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ASP.NET 3.5 Extensions: Basic Steps To Create Dynamic Data Web Application - Focus On Security and Performance

ASP.NET 3.5 Extensions: Basic Steps To Create Dynamic Data Web Application - Focus On Security and Performance

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This post walks through the steps I've taken to create simple Dynamic Data Web Application. I just loved the development model for DTO [Data Transfer Object] and Input Validation options.

Summary of steps

  • Step 1 - Download and install ASP.NET Extensions.
  • Step 2 - Create New Dynamic Data Web Application in VS2008
  • Step 3 - Add "LINQ to SQL Classes" file to the project
  • Step 4 - Test the project
  • Step 5 - Create Model Class and add validation rules

Following are detailed explanations for each step.

  • Step 1 - Download and install ASP.NET Extensions. ASP.NET Extensions can be found here - http://asp.net/downloads/3.5-extensions/. I installed it on my Vista machine that has Visual Studio 2008 installed.
  • Step 2 - Create New Dynamic Data Web Application in VS2008. Open Visual Studio 2008 and choose "Dynamic Data Web Application" template found under Web node. Make sure that the project references System.Web.Extensions assembly version 3.6. If not then remove it and reference the assembly from "C:\Program Files (x86)\Reference Assemblies\Microsoft\Framework\ASP.NET 3.5 Extensions\System.Web.Extensions.dll".
  • Step 3 - Add "LINQ to SQL Classes" file to the project. Right click on the project and choose "Add"->"New Item..." and then choose "LINQ to SQL Classes" template from "Data" node. In server Explorer expand "Data Connections" node, expand desired database, and then expand "Tables" node. Highlight desired tables and then drag them onto "LINQ to SQL Classes" component [double click file with .dbml extension].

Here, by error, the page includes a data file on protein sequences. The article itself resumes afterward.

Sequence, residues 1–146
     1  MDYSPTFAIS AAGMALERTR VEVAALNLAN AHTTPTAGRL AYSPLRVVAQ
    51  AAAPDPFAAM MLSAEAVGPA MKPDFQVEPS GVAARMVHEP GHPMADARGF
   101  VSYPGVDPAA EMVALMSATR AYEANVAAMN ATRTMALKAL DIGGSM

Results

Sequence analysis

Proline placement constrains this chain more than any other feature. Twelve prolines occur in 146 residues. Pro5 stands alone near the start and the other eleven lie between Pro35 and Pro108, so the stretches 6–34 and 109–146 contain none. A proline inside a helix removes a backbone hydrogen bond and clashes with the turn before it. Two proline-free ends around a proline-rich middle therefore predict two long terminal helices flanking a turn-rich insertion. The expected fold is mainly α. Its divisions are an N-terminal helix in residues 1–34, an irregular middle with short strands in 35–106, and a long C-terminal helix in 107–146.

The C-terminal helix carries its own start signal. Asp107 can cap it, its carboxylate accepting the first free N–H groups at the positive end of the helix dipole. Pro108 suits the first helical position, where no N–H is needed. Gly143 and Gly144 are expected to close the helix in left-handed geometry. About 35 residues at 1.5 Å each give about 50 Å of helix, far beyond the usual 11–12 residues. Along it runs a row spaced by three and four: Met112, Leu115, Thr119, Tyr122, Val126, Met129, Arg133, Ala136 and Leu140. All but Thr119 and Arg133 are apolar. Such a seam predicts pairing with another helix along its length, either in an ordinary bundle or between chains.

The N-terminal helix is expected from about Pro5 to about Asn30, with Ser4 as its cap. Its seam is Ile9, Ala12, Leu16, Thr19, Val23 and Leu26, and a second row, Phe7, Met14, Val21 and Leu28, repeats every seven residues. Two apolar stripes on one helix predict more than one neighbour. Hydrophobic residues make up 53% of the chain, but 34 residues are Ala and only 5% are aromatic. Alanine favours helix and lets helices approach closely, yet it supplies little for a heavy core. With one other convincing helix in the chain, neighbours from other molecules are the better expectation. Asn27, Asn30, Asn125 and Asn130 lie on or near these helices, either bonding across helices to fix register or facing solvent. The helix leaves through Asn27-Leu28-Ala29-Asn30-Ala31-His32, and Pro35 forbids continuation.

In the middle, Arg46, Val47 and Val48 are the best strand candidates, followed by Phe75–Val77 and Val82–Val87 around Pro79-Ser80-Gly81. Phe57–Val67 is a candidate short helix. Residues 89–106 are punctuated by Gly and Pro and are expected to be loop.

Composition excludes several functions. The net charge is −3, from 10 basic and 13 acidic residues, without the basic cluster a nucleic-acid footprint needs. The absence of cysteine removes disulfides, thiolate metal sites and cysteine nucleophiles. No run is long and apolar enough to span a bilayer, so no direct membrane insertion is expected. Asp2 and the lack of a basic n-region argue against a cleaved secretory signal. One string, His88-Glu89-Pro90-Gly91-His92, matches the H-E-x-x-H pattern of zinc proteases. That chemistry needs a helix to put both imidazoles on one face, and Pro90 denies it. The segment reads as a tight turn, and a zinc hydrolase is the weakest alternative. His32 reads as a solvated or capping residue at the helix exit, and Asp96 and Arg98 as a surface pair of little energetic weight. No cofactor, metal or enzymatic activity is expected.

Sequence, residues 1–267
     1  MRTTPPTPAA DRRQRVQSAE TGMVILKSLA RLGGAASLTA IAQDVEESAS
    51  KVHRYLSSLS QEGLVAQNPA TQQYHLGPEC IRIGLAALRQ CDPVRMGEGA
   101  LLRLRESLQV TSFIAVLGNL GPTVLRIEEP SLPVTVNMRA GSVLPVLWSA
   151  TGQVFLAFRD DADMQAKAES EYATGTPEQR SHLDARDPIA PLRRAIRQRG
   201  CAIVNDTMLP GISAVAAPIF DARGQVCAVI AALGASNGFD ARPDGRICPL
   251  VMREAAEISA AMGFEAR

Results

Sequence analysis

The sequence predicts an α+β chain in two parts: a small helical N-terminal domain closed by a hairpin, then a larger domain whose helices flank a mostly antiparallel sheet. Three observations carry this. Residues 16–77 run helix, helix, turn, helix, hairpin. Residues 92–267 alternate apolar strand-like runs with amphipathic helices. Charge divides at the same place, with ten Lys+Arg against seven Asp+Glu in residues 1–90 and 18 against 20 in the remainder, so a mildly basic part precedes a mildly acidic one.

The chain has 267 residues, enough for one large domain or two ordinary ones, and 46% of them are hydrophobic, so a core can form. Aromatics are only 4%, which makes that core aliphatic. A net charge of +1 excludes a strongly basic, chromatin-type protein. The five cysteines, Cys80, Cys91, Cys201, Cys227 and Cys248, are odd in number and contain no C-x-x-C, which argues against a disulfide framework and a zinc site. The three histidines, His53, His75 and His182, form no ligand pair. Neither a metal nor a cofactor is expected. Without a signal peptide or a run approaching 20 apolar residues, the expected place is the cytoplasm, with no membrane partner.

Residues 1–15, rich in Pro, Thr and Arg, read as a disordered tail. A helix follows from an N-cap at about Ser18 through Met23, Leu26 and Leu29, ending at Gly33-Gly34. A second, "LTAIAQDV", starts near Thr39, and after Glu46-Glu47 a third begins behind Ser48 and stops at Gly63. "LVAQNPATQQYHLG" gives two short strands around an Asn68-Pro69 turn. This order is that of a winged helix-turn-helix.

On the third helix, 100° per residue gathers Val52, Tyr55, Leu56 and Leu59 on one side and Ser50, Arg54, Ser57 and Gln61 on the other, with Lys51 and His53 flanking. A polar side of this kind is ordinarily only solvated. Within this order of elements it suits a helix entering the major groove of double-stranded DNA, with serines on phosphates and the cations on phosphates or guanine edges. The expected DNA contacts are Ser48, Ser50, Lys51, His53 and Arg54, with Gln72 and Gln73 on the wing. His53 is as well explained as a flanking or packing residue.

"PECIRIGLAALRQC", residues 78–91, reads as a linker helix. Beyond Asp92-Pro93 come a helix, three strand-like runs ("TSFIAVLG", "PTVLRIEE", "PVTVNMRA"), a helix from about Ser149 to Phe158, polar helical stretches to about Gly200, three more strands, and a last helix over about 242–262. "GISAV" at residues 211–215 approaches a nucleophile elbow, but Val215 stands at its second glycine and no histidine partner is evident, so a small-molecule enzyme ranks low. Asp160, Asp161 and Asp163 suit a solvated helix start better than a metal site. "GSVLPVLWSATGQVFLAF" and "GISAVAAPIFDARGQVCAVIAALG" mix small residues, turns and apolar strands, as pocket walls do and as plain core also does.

• Step 4 - Test the project. Right click on default.aspx page and choose "View in Browser". The page should look similar to the picture below. Click on the tables names to see the actual values and master-child view.

     image

  • Step 5 - Create Model Class and add validation rules. Adding validation rules can be accomplished using .Net attributes declaratively or using partial methods. Create new class. Add "using System.Web.DynamicData;" declaration. Delete the default constructor. Add partial class with the name of desired table, say "Item" or/and  "Product".
      • Attribute based input validation. Add attribute to the class, for example to check range for ListPrice field/column and add the following declaration:image
      • Partial method input validation. Add partial method for desired field change [intelliSense really rocks at this part] and then add validation logic:image

    Validation rules propagated to both client [for usability] and server [for security], this is how violation of input validation looks in it default view:

    image

    Heaven.

    Focus on Security

    I can create data driven web pages using GridView and DataSets. The drawback is that validation is not that straightforward. On other hand I can create custom collections and manually data bind it - the code is much nicer and cleaner and validation rules are easy to add but there is the need of writing extra code. In the case of Dynamic Data there is fantastic combination of design time productivity and also clean code where validation rules are applied directly to the model. Less room for mistake to introduce security vulnerability.

    Focus on Performance

    Ready to go templates that are generated with the default Dynamic Data projects already implement AJAX and paging. It reduces dramatically amount of data that round trips over the wire. Large HTML output - including ViewState - is one of the biggest performance vulnerabilities I've noticed recently. AJAX and paging is a great way to overcome this issue.

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